Good dental hygiene is key when it comes to looking after your teeth. If you’re brushing twice a day and still find that you’re having to deal with teeth discolouration, then you could be making one of these 6 mistakes - any of these reasons could be what causes your teeth to stain.
Are you using the wrong toothbrush or toothpaste?
Many people believe that all they have to do to achieve great dental hygiene is brush their teeth twice a day. While this is a good place to start, using the wrong toothbrush or toothpaste could actually be behind what causes your teeth to stain.
There’s no magic ‘one fits all’ toothpaste, but you need to make sure that whichever toothpaste you do pick has enough fluoride in it. Adults will need to aim for a toothpaste that has around 1,350 to 1,500 ppm (parts per million) as this is key in avoiding teeth discolouration and using a toothpaste with a low ppm can be what causes your teeth to stain.
There’s lots of debate around whether using a manual or electric toothbrush is best, but either way it’s important to make sure that you’re using medium or soft bristles (not hard!), as well as a brush head that’s not too large. You’re aiming to clean each individual tooth, not all of them at once.
If you’re not sure which toothpaste or toothbrush is right for you, then your local dentist can give you advice.
Poor brushing habits may be what causes your teeth to stain.
Changing your toothbrush or brush head regularly is really important and can cut down the amount of dental treatments that you might need. Toothbrushes help us to get rid of any bacteria, so old ones can be really unhygienic and may be what causes your teeth to stain.
A good rule of thumb is to swap your brush or brush head out every three months. If you find it hard to remember when you started using your current toothbrush, then an easy trick is to simply swap to a new one at the start of every season.
Don’t brush too hard, and make sure you brush for long enough.
Brushing harder does not mean that your teeth will be cleaner. In fact, brushing too hard can actually be what causes your teeth to stain as it can wear down your enamel and expose the yellowish dentin beneath.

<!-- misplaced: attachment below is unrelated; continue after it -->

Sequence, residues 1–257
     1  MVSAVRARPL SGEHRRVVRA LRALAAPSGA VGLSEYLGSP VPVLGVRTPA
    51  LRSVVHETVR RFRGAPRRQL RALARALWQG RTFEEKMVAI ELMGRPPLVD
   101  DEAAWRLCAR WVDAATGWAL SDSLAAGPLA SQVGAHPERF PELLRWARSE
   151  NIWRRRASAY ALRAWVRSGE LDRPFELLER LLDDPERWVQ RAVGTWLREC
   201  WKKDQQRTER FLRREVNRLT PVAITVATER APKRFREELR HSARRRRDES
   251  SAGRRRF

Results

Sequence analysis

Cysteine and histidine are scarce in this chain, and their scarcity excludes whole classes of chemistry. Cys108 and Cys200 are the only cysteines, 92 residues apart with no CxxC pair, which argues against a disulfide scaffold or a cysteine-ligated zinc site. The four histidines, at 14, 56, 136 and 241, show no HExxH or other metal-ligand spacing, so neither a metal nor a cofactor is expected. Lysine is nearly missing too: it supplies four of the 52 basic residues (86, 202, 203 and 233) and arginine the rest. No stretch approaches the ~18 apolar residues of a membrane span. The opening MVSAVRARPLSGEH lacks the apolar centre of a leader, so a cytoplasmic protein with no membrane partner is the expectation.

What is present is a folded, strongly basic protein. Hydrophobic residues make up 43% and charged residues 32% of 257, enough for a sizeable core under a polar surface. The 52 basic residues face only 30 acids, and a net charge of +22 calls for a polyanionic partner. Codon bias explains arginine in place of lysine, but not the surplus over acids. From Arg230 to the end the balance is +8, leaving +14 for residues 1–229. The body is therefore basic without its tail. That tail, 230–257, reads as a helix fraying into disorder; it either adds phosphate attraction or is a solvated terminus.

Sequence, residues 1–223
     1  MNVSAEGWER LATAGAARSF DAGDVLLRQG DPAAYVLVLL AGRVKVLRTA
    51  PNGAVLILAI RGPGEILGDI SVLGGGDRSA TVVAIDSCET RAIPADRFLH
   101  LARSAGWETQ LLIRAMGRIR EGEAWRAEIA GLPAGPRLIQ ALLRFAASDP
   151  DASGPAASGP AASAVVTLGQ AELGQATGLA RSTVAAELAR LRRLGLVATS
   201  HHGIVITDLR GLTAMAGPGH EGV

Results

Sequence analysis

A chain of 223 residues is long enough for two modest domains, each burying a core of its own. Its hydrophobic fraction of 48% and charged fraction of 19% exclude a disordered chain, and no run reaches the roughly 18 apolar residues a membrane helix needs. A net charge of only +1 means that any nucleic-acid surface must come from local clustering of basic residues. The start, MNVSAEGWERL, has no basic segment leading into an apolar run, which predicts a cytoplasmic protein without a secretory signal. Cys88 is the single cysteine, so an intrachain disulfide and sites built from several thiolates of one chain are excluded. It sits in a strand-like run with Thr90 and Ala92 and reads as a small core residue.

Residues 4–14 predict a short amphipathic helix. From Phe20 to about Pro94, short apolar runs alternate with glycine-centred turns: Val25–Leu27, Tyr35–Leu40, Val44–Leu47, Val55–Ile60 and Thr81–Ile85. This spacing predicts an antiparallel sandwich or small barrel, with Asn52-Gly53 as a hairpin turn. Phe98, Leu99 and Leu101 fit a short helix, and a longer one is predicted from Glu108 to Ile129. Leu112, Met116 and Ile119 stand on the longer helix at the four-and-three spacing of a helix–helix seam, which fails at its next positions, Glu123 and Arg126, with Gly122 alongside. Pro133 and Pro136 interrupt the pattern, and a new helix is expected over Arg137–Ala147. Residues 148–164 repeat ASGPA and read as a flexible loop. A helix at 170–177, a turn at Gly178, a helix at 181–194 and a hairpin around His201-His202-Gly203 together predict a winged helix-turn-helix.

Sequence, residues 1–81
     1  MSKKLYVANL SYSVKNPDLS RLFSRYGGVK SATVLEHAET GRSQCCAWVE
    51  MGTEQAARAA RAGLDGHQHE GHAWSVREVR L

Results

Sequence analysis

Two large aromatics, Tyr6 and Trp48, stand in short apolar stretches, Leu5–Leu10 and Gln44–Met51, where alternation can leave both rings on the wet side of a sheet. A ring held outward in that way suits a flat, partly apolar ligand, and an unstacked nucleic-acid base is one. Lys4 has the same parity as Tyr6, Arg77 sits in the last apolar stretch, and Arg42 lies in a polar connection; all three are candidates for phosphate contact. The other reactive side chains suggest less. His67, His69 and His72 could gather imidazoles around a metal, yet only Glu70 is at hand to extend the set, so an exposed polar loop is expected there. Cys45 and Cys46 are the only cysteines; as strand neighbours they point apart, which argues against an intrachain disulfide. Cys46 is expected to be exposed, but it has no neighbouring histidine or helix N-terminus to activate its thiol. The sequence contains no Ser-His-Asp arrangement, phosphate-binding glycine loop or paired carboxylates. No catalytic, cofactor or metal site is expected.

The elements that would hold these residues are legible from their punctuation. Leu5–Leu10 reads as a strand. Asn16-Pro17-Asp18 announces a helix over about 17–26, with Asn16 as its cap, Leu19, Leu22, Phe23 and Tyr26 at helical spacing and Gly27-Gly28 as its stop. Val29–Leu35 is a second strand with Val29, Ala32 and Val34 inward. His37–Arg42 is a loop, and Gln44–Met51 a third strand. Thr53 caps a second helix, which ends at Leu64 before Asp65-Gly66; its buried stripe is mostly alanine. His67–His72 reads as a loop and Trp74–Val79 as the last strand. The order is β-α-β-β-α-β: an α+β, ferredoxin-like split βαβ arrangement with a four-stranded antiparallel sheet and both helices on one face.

Another common misbelief is that brushing harder reduces the amount you need to brush your teeth. This is completely untrue, and you need to make sure that you’re brushing your teeth for around 2-3 minutes at a medium pressure to avoid causing any damage to your teeth or gums.
Your local dentist can tell you if you’re brushing your teeth correctly and help advise you on the correct length of time and pressure to use.
Make sure you’re brushing at the right time
The NHS recommends brushing your teeth once at night and at least once more throughout the day, but many people pick the wrong time which can be even worse than not brushing at all, and is key when it comes to what causes your teeth to stain.
Drinking orange juice after brushing your teeth in the morning can taste awful, but it’s really important that you’re brushing before drinking anything acidic like fruit juice - not after. This is because the acidic nature of things like orange juice can soften your enamel, and brushing straight away can cause damage to your teeth.
Brushing too soon after eating or drinking anything acidic can also be what causes your teeth to stain, so you should always wait for at least half an hour.
Find more dental tips on our site, or search ‘dentist near me’ to find your closest dentist who can offer more advice.
Dental floss and interdental brushes are important for good dental hygiene
Flossing should be a key part of your dental routine, but some people only floss the teeth that they can reach and neglect the ones at the back of their mouth.
While any kind of flossing is better than not doing it at all, failing to floss all of your teeth could be a contributing factor towards what causes your teeth to stain. By flossing, you’re not only removing any stuck bits of food, but you’re also tackling the plaque that builds up between your teeth and gums. If you’re not flossing properly then this can increase your chances of having to undertake dental treatments for gum disease or cavities in the future.
You should be using interdental brushes alongside your toothbrush and floss, as these are specially designed to clean the sides of your teeth. No matter how well you’re brushing and flossing your teeth, these are parts that you may miss without the help of an interdental brush.
If you’re confused around getting started using interdental brushes, then your local dentist will have all of the info that you’ll need.
Using only mouthwash or rinsing once you’ve finished brushing could be what causes your teeth to stain.
Mouthwash is a great addition to your dental hygiene routine but under no circumstances should it be used as a replacement for proper brushing or flossing. Using mouthwash alone might leave you with a minty fresh taste, but it’s about as effective as rinsing your mouth out with water.
Speaking of which, once you’ve finished brushing and flossing, you should avoid the temptation to rinse your mouth out with water. It might seem tempting, but this can remove all of the fluoride and the enamel-protection of the toothpaste you’ve just used.
Although it can be difficult at first, aim to ‘spit not rinse’, as washing away the fluoride and enamel-protecting properties of your toothpaste could be what causes your teeth to stain.
Remember that you can find your nearest dentist by searching for ‘dentist near me’, and they’ll be able to offer you all of the advice that you need around dental hygiene and avoiding teeth discolouration.